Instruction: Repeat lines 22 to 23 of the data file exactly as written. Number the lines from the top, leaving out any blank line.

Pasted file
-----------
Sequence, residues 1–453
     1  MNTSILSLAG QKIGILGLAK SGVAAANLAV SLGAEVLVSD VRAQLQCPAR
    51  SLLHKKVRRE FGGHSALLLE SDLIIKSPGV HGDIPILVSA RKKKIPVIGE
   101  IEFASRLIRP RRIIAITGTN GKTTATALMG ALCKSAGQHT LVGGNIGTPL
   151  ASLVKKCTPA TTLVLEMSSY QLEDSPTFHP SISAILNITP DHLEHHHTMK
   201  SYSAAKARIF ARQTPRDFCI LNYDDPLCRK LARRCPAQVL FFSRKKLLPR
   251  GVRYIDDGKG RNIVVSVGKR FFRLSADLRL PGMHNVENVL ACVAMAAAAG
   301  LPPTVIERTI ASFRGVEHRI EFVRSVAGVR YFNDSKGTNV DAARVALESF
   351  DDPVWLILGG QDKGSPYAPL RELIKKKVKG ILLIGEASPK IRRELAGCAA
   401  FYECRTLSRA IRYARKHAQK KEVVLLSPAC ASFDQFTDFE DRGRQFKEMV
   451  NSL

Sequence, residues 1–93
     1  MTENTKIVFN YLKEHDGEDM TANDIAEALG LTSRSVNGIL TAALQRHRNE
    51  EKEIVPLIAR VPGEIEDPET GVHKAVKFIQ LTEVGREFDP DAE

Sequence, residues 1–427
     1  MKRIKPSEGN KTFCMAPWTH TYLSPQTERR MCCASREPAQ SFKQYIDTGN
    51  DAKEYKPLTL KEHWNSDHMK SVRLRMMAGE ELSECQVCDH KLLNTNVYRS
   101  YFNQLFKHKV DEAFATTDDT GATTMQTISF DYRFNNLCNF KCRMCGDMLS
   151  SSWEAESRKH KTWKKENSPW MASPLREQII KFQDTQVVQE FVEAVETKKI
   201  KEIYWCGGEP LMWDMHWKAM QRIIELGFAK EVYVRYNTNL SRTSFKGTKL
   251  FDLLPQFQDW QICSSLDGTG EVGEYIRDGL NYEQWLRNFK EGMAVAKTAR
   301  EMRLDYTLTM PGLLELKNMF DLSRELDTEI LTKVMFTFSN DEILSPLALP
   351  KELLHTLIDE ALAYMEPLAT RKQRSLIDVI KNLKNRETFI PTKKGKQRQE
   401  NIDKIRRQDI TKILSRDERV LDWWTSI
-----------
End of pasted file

   301  EMRLDYTLTM PGLLELKNMF DLSRELDTEI LTKVMFTFSN DEILSPLALP
   351  KELLHTLIDE ALAYMEPLAT RKQRSLIDVI KNLKNRETFI PTKKGKQRQE